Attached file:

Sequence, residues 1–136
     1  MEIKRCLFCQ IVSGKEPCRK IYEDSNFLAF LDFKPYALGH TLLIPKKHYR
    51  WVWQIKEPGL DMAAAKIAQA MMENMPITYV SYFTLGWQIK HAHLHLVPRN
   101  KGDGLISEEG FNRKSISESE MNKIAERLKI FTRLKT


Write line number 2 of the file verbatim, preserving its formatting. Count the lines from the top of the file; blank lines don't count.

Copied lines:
     1  MEIKRCLFCQ IVSGKEPCRK IYEDSNFLAF LDFKPYALGH TLLIPKKHYR